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Thread: Who Does Carb Counting At School

  1. #1

    Default Who Does Carb Counting At School

    I have an 8 year old who has had T1 since he was 22 months. Our school is great and they do everything to accommodate us. My wife always places stickies with amount of carbs that Joshua needs to be bolused for during snacks and lunch. The issue is that Joshua will not eat all of his food on most days which has lead to lows.

    Have any of you had this issue and how did you resolve?

  2. #2

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    Who gives the insulin? If it's a nurse, and it's prebolused then maybe they need to talk more about what looks good and how hungry your son if feeling that day. Some kids go to the nurse, bolus for 1/2, eat, come back with all the leftovers and they see if any additional insulin is needed.

    Eight is sort of a tough age - not quite mature enough to say, " I'll eat this but not that" ahead of time but there may be oher things going on other than just appetite. Maybe there's a game or some other social thing that he's rushing to get to? Is recess tied to lunch? Could he be sharing his lunch? Maybe parts of his lunch are no longer "cool" or some kid mentioned that only weirdos eat bananas

    Good luck.
    Sarah
    Mom to DD now 16, dx @4
    Cozmo pumper @6
    Minimed pumper @13
    G4 @ 15


    "Happy Birthday, Dr. Banting! Now... let's eat cake! Because, we CAN!" - MCS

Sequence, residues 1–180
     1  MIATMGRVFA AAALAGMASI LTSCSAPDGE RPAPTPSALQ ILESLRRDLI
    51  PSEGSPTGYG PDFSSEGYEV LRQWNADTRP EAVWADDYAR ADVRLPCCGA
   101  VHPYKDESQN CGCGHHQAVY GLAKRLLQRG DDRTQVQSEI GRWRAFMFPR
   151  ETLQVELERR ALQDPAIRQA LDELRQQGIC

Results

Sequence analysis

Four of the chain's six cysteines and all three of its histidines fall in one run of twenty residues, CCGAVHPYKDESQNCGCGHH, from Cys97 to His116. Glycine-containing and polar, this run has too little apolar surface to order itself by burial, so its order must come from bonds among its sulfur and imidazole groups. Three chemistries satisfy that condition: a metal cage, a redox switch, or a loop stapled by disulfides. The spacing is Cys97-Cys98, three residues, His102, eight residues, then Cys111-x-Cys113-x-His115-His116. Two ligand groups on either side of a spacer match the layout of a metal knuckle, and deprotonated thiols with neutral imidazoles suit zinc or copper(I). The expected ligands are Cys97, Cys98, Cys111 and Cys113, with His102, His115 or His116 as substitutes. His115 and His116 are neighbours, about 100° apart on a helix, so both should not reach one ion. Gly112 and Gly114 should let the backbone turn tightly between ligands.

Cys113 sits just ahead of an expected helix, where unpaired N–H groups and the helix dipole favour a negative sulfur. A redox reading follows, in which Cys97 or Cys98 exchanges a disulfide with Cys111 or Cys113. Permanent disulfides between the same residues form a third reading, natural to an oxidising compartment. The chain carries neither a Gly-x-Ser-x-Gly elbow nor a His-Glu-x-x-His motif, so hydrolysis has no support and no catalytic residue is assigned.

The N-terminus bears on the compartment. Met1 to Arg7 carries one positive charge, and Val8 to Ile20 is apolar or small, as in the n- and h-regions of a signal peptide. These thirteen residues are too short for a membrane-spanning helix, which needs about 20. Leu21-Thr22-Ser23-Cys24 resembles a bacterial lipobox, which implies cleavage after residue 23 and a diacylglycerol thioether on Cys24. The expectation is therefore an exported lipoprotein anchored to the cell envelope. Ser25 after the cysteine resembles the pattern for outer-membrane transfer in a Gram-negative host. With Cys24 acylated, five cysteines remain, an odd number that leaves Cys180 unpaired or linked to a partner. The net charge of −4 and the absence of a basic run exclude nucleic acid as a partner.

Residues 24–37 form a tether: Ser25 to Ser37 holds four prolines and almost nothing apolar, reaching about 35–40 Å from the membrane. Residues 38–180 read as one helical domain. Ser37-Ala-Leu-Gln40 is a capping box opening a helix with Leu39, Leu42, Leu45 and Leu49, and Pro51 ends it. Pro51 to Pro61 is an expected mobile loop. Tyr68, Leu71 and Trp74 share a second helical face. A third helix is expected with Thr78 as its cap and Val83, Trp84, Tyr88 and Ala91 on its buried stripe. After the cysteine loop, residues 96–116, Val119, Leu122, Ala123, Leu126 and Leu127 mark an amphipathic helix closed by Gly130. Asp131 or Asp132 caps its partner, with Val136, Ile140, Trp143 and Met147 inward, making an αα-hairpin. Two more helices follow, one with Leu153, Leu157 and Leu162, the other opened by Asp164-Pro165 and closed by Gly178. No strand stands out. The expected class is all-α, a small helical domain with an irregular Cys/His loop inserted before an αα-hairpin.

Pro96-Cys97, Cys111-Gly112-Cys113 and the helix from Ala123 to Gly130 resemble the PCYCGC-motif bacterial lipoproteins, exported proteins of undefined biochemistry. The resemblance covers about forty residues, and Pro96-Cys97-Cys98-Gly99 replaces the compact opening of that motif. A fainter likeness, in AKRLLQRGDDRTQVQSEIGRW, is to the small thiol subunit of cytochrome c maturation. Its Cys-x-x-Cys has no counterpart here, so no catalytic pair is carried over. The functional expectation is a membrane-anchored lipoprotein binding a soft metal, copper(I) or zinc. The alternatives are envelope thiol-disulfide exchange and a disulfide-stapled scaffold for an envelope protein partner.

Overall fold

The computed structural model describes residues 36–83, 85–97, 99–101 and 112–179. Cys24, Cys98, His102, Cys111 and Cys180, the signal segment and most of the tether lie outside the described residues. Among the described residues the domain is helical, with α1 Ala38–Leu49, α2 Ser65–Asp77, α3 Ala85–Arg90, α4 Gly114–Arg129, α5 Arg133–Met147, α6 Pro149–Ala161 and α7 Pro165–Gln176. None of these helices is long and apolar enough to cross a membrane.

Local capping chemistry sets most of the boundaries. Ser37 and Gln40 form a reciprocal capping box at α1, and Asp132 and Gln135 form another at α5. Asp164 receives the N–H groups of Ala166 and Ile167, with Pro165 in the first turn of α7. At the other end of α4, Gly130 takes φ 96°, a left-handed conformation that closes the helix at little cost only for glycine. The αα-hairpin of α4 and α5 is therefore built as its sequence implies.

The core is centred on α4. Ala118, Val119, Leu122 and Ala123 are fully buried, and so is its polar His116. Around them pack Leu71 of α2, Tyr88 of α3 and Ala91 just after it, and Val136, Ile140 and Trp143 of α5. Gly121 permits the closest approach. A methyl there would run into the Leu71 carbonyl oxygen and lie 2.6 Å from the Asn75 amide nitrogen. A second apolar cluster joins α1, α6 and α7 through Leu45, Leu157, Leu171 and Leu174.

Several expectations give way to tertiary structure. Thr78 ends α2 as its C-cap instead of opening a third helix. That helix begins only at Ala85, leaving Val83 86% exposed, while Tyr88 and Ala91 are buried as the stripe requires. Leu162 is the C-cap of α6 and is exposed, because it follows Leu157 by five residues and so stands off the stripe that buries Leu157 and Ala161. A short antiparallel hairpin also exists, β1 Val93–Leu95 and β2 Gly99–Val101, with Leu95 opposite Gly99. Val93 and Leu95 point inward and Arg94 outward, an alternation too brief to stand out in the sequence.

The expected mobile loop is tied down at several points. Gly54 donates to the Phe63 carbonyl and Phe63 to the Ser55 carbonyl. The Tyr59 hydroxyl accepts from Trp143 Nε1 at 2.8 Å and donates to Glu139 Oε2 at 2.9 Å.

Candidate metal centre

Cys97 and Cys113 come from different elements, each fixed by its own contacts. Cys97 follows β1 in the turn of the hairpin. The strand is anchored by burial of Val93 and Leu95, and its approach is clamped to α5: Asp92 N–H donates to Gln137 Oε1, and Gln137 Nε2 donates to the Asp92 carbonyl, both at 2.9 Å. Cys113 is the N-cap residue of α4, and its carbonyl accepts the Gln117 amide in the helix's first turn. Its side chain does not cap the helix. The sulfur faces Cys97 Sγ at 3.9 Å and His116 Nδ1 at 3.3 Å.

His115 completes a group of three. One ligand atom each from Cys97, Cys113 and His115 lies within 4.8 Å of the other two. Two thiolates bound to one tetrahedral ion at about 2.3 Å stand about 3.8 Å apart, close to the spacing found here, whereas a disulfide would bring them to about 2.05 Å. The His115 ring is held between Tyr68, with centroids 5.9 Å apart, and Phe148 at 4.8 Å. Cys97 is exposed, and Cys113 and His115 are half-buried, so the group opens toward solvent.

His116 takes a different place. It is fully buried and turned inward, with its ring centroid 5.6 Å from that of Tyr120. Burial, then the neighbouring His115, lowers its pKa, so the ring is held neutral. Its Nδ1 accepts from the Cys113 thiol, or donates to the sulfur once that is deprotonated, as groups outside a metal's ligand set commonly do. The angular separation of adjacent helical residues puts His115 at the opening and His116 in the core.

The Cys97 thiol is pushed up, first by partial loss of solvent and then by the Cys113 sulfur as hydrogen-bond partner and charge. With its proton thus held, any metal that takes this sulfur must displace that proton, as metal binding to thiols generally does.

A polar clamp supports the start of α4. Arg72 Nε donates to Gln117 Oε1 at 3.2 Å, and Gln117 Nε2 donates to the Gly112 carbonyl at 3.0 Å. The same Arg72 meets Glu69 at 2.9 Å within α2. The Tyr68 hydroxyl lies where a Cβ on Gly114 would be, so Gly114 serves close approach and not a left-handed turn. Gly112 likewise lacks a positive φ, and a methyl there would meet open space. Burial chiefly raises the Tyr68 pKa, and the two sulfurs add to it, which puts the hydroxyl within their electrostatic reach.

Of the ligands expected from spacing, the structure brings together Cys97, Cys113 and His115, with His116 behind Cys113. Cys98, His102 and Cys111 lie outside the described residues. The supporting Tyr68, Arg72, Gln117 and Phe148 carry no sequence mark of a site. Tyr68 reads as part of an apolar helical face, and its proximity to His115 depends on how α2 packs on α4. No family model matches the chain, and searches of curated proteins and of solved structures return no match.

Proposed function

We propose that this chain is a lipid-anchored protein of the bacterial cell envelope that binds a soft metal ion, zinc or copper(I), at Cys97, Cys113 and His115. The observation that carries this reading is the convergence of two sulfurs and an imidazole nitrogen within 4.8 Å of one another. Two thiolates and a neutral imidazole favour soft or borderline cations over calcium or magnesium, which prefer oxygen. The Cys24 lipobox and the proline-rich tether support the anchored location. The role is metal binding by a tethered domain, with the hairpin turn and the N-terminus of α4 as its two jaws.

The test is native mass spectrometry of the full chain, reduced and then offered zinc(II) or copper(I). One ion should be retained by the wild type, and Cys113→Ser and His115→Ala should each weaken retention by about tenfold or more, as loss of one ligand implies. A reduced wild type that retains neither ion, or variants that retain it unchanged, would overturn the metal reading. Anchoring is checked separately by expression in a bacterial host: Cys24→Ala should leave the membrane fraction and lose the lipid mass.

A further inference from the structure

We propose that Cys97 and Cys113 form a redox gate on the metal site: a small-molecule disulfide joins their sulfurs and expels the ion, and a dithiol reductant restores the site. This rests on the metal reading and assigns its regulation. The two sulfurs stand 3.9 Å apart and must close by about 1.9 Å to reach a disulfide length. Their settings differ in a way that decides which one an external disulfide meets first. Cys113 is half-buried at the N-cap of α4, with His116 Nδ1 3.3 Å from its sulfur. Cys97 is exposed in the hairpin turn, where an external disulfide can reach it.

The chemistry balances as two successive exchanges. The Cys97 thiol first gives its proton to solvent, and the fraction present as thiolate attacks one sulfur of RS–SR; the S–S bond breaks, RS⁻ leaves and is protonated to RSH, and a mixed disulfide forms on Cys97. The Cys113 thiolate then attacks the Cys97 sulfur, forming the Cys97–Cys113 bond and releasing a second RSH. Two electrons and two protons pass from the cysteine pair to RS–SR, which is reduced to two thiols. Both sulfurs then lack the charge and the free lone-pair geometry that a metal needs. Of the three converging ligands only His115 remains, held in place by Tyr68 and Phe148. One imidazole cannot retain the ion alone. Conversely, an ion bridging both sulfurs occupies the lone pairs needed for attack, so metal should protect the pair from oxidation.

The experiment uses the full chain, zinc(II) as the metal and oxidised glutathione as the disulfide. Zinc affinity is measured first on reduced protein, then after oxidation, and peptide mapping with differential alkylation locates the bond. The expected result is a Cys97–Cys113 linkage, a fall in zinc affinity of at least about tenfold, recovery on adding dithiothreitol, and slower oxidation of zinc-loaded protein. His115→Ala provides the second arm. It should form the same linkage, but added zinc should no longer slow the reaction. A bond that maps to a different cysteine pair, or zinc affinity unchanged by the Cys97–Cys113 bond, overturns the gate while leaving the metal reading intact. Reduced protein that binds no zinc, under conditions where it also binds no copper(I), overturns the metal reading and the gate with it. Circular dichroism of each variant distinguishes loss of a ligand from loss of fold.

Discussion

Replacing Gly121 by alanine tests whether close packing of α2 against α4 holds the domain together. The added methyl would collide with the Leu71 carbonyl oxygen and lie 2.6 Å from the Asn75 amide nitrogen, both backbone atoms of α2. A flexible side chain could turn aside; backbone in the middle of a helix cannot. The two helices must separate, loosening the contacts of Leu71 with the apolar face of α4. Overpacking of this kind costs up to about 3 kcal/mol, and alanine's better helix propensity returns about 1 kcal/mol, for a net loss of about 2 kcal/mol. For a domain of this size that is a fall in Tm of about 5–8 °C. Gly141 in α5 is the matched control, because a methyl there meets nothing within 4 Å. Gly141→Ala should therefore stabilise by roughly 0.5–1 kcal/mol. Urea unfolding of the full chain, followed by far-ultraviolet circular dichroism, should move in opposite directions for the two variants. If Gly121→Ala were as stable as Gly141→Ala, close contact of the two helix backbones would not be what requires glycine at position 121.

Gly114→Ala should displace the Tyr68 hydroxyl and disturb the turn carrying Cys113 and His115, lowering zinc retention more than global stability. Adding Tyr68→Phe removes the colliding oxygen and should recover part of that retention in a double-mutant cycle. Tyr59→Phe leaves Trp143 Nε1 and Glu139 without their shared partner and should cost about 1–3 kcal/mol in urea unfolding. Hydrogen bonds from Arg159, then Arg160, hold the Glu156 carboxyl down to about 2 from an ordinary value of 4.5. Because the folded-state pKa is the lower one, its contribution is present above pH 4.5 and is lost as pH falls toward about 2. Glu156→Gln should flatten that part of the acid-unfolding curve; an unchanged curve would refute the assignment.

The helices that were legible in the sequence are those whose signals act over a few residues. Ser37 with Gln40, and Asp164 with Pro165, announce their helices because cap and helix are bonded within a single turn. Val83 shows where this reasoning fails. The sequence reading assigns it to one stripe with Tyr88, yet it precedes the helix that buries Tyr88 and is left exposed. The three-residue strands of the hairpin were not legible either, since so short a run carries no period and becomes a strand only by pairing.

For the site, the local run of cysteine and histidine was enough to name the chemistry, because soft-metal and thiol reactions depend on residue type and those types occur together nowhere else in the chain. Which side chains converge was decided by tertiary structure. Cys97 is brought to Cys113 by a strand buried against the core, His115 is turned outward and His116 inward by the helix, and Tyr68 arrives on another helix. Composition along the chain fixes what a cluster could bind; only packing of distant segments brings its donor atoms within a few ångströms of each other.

3. #3

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    The nurse currently asks how much he will eat and adjusts for 1/2 or 3/4 the bolus. That is part of the problem he needs to go to the nurse to get checked/bolused then go to lunch. By the time he gets back to the lunch room he only has 20 min to eat and my son is a social butterfly.

    This year I want him to check himself in the classroom and bolus himself a preset amount which I would make 1/2. Then have him eat and then go to the nurse to see if he needed additional insulin. This would mean that she would need to do the carb counting. We have a great relationship with both nurses and they call us every day at least 2-3 times looking for direction.

    Do any of you have your kids check and bolus themselves at this age?

    I also want him to treat his own lows in the classroom. I want to minimize him leaving the class room.

  4. #4
    Join Date
    May 2007
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    Midwest
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    Default

    That is a tough one but here is what we did for school:

    1. We always prebolused (note: during this time he was hyper sensitive to insulin and carbs so we couldn't regulate very well without doing this) YDMV

    2. Lunch included only foods he liked and would eat - no broccoli or other food items he doesn't like to eat - I made sure he had those at home.